A study from DrivingSales, in partnership with Hireology, found that dealer executives underestimate their turnover by 20% for their entire dealership and 27% among their sales team. This indicates a major disconnect in the dealership that is coming at a potentially significant cost to dealership profitability. Adding to the issue is the fact that dealers are not effectively addressing the problem: according to the survey most dealerships are potential incorrectly devoting resources to reversing this costly trend.
On average, the overall dealership turnover rate reported by Dealer Principals, General Managers and Owners was 22% compared to the 42% that the 2016 NADA Workforce Study identified. The discrepancy for the sales team was even larger, with dealer executives reporting an average 40% sales teams turnover rate versus the 67% reported by NADA.
Based on research performed by DrivingSales, each sales person that leaves a dealership can cost the bottom line $45,000 (other sources estimate this number higher) and the total turnover cost per dealership averages nearly $439,000 annually. This means, based on the underestimation in sales turnover, that dealer executives are underestimating the cost staff turnover of their dealership by $97,000, assuming they are even aware of the bottom line loss.
The survey further revealed that most dealers are unaware of the financial impact turnover has within their dealerships and, with a lack of transparency into this impact. The majority (over 80%) of dealerships report that they do not have a dedicated person/team focused on hiring, training or retraining their staff. These responsibilities overwhelmingly are assigned to individual department managers. Not only does the lack of focused attention indicate why dealer executives are unaware of their true turnover rate and the costs associated with it, but it reveals a core issue underlying the problem of staff turnover.
Dealers Are Addressing Turnover, But Is It Working?
Although dealer executives underestimate their turnover rate, they do not ignore the issue of turnover completely. 60% plus executives reported that turnover had a major impact to their operations in all departments except their Internet/BDC department (49%). Dealer executives felt that the sales department was impacted the most by turnover.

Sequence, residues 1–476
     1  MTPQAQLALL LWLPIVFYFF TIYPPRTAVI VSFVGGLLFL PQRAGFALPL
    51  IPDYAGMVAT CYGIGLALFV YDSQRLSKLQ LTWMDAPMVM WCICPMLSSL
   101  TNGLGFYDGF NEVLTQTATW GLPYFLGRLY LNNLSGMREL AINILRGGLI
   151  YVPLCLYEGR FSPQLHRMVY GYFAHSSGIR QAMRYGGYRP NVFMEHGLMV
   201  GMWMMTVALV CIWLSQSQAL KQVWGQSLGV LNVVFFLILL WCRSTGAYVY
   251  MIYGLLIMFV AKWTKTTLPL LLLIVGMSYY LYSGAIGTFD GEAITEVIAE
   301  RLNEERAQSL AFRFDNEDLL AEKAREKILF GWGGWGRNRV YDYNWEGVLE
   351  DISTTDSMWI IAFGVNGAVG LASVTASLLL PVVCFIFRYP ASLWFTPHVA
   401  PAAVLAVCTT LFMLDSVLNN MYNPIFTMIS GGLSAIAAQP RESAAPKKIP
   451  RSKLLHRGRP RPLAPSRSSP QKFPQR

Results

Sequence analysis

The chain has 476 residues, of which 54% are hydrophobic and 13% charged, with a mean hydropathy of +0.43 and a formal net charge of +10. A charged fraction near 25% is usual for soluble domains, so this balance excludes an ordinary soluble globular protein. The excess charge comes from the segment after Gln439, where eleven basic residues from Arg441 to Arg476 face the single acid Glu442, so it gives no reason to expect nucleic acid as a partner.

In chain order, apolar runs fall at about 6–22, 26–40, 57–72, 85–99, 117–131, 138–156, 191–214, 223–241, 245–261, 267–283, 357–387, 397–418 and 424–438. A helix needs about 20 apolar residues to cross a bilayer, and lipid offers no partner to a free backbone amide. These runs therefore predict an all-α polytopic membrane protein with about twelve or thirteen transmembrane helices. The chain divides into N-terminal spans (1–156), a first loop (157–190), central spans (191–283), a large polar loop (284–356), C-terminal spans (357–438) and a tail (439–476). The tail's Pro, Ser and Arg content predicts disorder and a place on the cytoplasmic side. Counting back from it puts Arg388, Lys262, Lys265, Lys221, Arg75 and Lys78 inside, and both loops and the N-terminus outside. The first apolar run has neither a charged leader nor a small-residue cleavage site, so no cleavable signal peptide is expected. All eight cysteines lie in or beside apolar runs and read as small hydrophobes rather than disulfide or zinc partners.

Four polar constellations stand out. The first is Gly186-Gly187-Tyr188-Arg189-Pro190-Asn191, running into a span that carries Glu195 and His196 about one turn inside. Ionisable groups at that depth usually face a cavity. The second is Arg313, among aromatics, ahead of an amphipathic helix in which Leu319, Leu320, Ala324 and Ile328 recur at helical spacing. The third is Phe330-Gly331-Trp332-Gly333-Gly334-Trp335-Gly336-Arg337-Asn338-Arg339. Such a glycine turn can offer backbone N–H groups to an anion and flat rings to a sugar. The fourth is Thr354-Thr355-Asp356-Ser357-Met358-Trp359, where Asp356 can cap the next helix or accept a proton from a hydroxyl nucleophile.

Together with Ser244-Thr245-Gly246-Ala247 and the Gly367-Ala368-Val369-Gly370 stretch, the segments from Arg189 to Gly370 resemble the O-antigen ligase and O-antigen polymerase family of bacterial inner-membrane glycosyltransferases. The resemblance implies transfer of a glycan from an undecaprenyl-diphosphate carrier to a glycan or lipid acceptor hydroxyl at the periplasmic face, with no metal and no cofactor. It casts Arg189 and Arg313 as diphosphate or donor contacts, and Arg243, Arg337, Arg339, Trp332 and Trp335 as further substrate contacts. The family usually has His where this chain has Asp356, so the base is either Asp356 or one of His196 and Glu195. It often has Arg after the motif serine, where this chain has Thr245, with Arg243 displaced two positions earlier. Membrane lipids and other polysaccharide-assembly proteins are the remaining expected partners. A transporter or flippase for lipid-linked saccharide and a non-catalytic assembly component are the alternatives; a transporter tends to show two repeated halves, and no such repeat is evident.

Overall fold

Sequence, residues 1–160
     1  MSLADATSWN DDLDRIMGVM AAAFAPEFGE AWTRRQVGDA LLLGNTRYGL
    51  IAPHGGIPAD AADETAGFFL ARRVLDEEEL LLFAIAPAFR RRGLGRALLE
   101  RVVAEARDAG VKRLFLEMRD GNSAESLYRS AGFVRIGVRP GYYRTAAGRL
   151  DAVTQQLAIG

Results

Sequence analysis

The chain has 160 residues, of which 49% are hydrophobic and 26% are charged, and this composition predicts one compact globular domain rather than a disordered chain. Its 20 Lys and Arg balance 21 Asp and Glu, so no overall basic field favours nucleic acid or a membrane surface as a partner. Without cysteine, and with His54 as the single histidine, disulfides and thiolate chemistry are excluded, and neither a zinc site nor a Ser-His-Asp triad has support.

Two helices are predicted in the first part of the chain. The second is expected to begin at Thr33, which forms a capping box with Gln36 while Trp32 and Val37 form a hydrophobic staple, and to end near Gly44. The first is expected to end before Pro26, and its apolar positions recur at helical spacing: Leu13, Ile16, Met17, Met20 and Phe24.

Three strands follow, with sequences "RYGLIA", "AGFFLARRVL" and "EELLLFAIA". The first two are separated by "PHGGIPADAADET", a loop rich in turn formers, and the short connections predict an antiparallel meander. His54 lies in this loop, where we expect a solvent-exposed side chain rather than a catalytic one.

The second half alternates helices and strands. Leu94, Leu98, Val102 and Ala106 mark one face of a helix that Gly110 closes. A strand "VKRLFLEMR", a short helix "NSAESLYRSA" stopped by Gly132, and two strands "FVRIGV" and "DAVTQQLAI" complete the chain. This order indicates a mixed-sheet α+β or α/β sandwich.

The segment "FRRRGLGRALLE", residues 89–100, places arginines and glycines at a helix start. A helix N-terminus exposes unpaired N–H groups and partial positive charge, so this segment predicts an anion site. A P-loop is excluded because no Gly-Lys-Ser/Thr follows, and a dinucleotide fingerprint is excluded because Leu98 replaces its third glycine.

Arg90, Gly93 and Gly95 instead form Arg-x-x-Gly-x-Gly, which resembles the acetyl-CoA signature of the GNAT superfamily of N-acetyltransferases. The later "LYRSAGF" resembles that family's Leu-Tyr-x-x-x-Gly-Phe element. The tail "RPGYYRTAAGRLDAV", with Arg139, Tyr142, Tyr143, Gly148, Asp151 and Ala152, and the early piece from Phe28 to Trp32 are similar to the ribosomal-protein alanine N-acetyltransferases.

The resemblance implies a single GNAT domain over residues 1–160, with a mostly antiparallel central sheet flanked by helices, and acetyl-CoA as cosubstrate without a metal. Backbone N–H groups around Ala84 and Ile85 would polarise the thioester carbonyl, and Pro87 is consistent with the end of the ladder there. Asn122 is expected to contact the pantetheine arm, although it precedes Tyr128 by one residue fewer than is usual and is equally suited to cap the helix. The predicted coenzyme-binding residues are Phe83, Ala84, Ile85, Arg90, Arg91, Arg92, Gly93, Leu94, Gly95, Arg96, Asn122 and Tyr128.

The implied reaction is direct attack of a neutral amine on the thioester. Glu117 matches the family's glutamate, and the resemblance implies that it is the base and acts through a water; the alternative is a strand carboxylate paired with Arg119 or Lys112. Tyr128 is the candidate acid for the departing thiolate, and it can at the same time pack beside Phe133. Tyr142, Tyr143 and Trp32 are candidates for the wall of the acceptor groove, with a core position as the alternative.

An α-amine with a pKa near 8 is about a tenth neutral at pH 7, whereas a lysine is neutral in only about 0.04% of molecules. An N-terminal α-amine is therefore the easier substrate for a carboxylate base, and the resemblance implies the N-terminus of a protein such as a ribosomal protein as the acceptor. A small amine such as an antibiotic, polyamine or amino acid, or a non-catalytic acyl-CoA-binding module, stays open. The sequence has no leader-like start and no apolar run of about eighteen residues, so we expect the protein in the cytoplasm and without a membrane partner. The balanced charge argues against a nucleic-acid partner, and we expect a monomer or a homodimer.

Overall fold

64% of dealers report that they have made some sort of changes to their policies to address the issue of sales turnover. The two most frequent changes to policies were:
The majority of dealers focused their Human Resources changes on activities to attract candidates, such as improving income pay structures and increasing employment outreach, instead of making investments in post-hire experience (days worked, vacation policy and career opportunities).
Is This Motivating Employees?
The investments that dealers have made in compensation structure shows that they feel their best tool to attract and retain candidates is through financial incentives. But studies outside of the automotive industry indicate that dollars are not as impactful on retention as other incentives, such as on-the-job career development and flexible schedules. Initial research from DrivingSales indicates that while less than half as many dealerships invested in career development for their employees as those that focused on cash incentives, these alternative incentives are significant (and less costly) retention and recruitment motivators.
In a study, to be fully released in 2017, DrivingSales surveyed more than 1,000 dealer professionals to identify their motivations at work. 47% of sales people surveyed said their top motivator was money, as expected. However, 36% stated that their largest motivations were personal development and career progress.
Although the majority of salespeople are motivated financially, it is important to point out that by not investing in post-hire development many dealers are missing an additional point of motivation. Balancing financial incentives with career development can result in increased retention of their total sales teams.
The results of both this study and the 2016 NADA Workforce Study indicate that turnover is impacting dealer operations -- and the bottom line. Although most dealers are underestimating the impact it is making in their business, they are aware of the issue and are trying to make adjustments to decrease turnover. But are they the right adjustments?